I like photos that displace you, that make you unsure of what you’re seeing. I can’t take only photos like that, of course. That would be unimaginative and boring.
But I like it when it happens without me fully knowing that it’s happening. Of course, there are a few things that I can do to usher this into being.
The camera, a Spartus 35F, is basically an Argus A knock-off. There were a ton of such cameras out there, and this is definitely on the lower end of the quality spectrum. And yet, with its single shutter speed (1/50sec) and curious f-stop sequence ( f/6.3, f/8, f/11, f/16), it still works like new. You can focus it, but that’s sort of beside the point.
Such cameras are not good. With things like the Diana and Holga, you might accidentally take a crisp photo once in a while. That will not happen with something like the Spartus 35F. Best case scenario is a soft focus – but not usually in the film noir sort of way.
Nearly any film you throw at this camera will be rendered in dreamy shades of gray. Even the color film I’ve shot through it is vague and washed. But Polypan F is something else entirely.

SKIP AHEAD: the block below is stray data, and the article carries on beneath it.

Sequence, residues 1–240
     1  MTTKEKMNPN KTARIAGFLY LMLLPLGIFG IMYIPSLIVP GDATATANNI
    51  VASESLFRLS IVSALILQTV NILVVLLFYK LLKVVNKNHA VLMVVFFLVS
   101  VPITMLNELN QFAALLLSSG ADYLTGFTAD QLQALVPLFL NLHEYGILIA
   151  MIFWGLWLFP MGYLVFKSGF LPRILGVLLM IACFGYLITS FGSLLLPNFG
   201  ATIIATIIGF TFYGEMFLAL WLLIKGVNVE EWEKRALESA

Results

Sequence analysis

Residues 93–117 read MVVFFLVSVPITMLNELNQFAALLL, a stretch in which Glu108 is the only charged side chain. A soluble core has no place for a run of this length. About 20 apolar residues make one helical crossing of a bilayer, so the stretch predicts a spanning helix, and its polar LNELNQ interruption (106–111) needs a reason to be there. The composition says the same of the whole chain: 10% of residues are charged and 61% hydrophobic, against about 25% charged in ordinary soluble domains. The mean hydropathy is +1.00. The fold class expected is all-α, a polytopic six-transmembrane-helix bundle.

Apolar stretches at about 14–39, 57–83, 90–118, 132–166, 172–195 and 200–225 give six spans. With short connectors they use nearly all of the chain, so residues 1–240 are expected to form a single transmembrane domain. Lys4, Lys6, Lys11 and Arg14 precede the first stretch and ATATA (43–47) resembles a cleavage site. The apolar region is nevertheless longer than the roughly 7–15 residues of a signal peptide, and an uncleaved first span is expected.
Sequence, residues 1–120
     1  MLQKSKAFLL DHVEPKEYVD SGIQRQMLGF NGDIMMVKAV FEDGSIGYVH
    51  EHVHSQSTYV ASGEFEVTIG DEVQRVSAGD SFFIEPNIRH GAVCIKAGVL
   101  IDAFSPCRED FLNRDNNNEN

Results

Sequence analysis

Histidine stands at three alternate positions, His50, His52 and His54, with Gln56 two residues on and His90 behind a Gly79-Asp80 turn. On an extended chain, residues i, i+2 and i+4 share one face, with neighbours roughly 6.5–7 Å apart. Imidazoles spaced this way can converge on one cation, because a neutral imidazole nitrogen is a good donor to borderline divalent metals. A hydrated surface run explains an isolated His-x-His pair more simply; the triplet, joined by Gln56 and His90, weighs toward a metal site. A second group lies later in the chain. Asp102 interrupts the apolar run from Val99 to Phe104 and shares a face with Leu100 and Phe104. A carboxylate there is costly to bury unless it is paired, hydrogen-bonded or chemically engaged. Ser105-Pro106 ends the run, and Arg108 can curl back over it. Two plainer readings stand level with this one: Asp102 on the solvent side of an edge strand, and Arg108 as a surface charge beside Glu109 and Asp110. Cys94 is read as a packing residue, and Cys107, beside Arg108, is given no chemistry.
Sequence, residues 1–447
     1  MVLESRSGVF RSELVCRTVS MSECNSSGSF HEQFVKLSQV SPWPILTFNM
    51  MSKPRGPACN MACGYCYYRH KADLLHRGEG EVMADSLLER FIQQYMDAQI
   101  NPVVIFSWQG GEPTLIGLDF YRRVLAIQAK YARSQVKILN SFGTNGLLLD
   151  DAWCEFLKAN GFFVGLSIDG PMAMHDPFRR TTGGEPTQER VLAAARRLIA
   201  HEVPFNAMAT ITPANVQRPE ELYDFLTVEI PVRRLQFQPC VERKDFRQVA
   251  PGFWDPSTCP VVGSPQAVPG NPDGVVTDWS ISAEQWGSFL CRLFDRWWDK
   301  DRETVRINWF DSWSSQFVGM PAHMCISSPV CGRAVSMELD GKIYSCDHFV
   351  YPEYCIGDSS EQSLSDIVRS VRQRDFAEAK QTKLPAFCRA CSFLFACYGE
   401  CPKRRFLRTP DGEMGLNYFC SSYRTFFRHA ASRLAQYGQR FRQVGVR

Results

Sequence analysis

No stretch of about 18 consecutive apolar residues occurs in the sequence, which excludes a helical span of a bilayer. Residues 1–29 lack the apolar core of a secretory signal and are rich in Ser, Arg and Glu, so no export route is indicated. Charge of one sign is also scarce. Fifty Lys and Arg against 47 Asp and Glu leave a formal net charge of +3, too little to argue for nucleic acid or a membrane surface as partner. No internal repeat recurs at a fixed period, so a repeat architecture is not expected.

Polypan is a cinematic film from eastern Europe somewhere. It seems to still be in production, though the batch I have is from 2006. This stuff loves to get all dreamy, and it doesn’t take much to push it over that dizzy edge.
The picture you see here was developed in Xtol – a developer that I’ve not used too incredibly much. Typically, if I know a film stock tends towards graininess, I’ll process it in Xtol. There is no such problem with Polypan F, so I think I was just experimenting.
Personally, I enjoy Polypan in Rodinal (1+50 for 17mins). Rodinal usually boosts grain, but again, that’s not an issue with this – especially when shot at 100iso.
Dreamy photos are yours if you want them.
‘Look Into Your Eyes’
Camera: Spartus 35F Model 400
Film: Polypan F (x-2006); 50iso
Process: Xtol 1+1; 7min
Mesa Verde, Colorado